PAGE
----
We have a visceral reaction driving an emotional connection with our spaces. Our home at JUC is no exception. It has been home to hold ourselves in times of joy and times of pain. We've seen our children grow in our halls and classrooms from infants to inspired adults. We have said goodbye to those we cherish and found comfort within these walls and with each other. 

Our identity is more than the sum of bricks and mortar. Our identity is the sum of the relationships we build and our unrelenting drive to better the world. Our home must serve our mission to deepen, connect and engage with our current membership and to welcome those yet to arrive. It will be a challenge for many of us to say goodbye to our sacred space and that is because of the amazing spiritual and life altering moments it has facilitated. We must address our future needs in order to truly live into our values. I hope you will join us in holding in our hearts where we are, where we have been and make real the dream of tomorrow.

On Sunday, October 15  at 12:30 p.m. we will have our Fall congregational meeting where together we will envision the next chapter of our shared home. Please join us; to share, to listen, and to dream of our tomorrow.
Time to Sign Up for the Pumpkin Patch!

Your help is needed to represent JUC by participating in the pumpkin patches that are the major source of funding for the Habitat for Humanity home built each year by our faith partnership, West Metro Habitat Interfaith Coalition. Volunteers are needed to help unload the pumpkins at 68th and Wadsworth when they arrive. Delivery is expected to be at 4:30 p.m. on Wednesday, October 11. A second, smaller load will be delivered on Friday, October 20, at 4 p.m.. We welcome your help to form a human chain to unload the pumpkins. With enough volunteers, unloading is usually done within an hour and a half.

The pumpkin patch will be open for business 10 a.m-dusk beginning Thursday, October 12.  Volunteers are needed to work 4-hour shifts at the patches selling pumpkins. Shift hours are 10 a.m.-2 p.m. and 2 p.m. - dusk. Shorter shifts can be arranged, if necessary.  Also, weekday morning shifts are quieter for those who are concerned that the work might be too strenuous. Volunteers work with a partner and training is provided. It is fine to bring children along. There are great photo opportunities at the patch. Everyone has a really good time.
Sign up online at (choose "Arvada Pumpkin Patch Sign-Up") or stop by the information table in the commons Sunday between services. Once you have signed up you will be notified by email or phone of any changes in delivery dates or times.

Buy Your Pumpkins at Our Patch at 68th & Wadsworth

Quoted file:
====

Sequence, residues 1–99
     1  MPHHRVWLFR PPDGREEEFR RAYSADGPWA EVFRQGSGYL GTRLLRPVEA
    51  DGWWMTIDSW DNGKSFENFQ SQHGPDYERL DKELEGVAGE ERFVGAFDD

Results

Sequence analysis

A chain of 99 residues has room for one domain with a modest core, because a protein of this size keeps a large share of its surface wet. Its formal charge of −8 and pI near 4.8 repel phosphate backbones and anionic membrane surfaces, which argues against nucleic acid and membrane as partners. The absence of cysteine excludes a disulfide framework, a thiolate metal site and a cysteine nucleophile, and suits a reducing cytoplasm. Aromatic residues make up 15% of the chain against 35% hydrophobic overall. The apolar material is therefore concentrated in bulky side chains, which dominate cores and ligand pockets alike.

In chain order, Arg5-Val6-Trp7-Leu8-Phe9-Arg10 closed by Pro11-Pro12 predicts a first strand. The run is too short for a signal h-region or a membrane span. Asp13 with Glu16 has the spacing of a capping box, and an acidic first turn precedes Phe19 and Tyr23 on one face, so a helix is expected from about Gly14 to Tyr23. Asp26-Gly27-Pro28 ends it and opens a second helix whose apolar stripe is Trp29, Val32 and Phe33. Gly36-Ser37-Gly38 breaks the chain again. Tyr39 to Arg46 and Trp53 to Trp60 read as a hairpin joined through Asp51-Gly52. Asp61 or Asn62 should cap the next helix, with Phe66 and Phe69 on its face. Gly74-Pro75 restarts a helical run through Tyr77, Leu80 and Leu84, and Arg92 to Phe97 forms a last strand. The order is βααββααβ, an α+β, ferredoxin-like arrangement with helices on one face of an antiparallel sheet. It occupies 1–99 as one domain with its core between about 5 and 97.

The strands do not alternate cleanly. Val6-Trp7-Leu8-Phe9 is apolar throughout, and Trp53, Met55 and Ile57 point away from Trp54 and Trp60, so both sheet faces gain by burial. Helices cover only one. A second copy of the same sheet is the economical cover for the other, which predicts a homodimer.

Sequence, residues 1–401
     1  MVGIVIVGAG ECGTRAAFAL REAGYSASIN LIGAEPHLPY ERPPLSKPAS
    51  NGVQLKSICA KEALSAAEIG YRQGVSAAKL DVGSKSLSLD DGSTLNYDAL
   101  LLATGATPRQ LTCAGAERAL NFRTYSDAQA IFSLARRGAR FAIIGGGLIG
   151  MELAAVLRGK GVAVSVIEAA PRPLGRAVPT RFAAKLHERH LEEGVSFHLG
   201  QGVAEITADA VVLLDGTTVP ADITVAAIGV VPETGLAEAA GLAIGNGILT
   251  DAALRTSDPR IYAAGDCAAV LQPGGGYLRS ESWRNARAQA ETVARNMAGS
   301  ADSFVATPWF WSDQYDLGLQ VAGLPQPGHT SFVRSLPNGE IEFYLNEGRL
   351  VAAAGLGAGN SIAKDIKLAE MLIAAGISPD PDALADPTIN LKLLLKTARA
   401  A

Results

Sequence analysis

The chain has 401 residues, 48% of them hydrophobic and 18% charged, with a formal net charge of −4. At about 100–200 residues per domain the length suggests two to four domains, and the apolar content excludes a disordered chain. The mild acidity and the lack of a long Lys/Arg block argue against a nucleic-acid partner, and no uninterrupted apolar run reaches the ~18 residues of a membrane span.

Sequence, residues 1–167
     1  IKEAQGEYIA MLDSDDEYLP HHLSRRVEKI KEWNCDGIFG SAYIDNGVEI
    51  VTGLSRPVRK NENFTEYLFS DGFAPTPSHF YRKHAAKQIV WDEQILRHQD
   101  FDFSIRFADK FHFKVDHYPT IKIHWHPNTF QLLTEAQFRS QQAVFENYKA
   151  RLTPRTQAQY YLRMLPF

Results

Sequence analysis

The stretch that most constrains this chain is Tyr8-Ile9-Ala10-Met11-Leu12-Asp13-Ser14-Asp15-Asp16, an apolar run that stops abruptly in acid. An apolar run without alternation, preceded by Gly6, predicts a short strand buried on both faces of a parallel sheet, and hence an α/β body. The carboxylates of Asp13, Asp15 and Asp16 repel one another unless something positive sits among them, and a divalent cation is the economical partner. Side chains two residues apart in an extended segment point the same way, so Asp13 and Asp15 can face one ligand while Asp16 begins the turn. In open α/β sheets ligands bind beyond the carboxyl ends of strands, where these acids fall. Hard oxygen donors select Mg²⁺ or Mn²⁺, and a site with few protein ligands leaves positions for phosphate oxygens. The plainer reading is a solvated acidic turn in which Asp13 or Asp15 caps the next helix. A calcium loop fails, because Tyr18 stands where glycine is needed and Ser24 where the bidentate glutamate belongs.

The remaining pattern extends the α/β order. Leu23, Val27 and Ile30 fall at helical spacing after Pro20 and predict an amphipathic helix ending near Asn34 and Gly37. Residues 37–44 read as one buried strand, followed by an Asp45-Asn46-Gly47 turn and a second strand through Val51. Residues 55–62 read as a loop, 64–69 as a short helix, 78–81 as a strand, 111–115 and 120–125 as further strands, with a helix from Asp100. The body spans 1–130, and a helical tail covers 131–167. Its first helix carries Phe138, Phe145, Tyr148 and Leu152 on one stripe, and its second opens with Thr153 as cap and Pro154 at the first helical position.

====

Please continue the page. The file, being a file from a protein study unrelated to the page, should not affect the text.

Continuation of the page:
Can't work at the patch? Come buy pumpkins and squash! Our pumpkins and squash are the freshest! We have several small varieties at competitive prices. Delivered straight from the farm to us usually in less than 24 hours, these pumpkins and squash are grown on the Navajo Reservation in Farmington, New Mexico. Growing pumpkins is the largest source of employment on the reservation. We expect to have great variety and typically get some huge pumpkins! We also carry carving kits and other fun items such as glow in the dark fangs and light sabers.  Come and help us turn these pumpkins into a Habitat for Humanity home!
Welcome Our New Members
Paul Broughton's  interests include cooking, exercise, public speaking, and self-help.

John Claus is an engineer whose hobbies include mountain biking, reading, and gardening.

Kate Cooke is a land use and transportation planner whose hobbies include skiing, gardening, and sports.

Maria Davison is a first grade teacher whose hobbies include hiking, organizing, and cleaning. 

Peter Farrin loves to hang out with his friends and catch the Colorado Avalanche games when he can. Go Avs!

Peggy Hegg is a retired U.S. GAO whose hobbies include yoga, golfing, and meditation.

Nancy Johnson is a semi-retired lawyer whose hobbies include gardening, needlework, and politics.

Luan Jones is in semi-retirement and her hobbies include reading, knitting, sewing, and meditation.

Briana McCarten works as a paralegal for Jefferson County.

Suzy Rosemeyer is a retired RN/attorney whose hobbies include dogs, gardening, politics, and reading.

Peter and Nancy Torpey are both retired, and they enjoy hiking, music, and home projects.

Greg Williams is an RTD Access-a-Ride administrator whose hobbies include photography, creative writing, and hiking.
Annual Fall Congregational Meeting
Sunday, October 15
12:30 p.m.

A 15% quorum is necessary to conduct the business of this meeting. Please plan to attend! Light lunch will be available for a donation and child care is provided. 

Agenda items will include: 
  • Rev. Wendy Williams on the state of the church
  • Spirit Map: Our Signature Strengths and Key Opportunities
  • Interactive conversation on our Big Hairy Audacious Goal: By May 1, 2018 we will have a viable plan to free JUC from the limits of our campus in order to live more fully into our mission.
Friends and newcomers are welcome to attend and will be given the courtesy of the floor, but only members who have signed the Membership Book no later than Friday, September 15, 2017 may vote.
We Are Family
1st Wednesdays
3rd Fridays
5:30 p.m. Dinner
6:30 p.m. Worship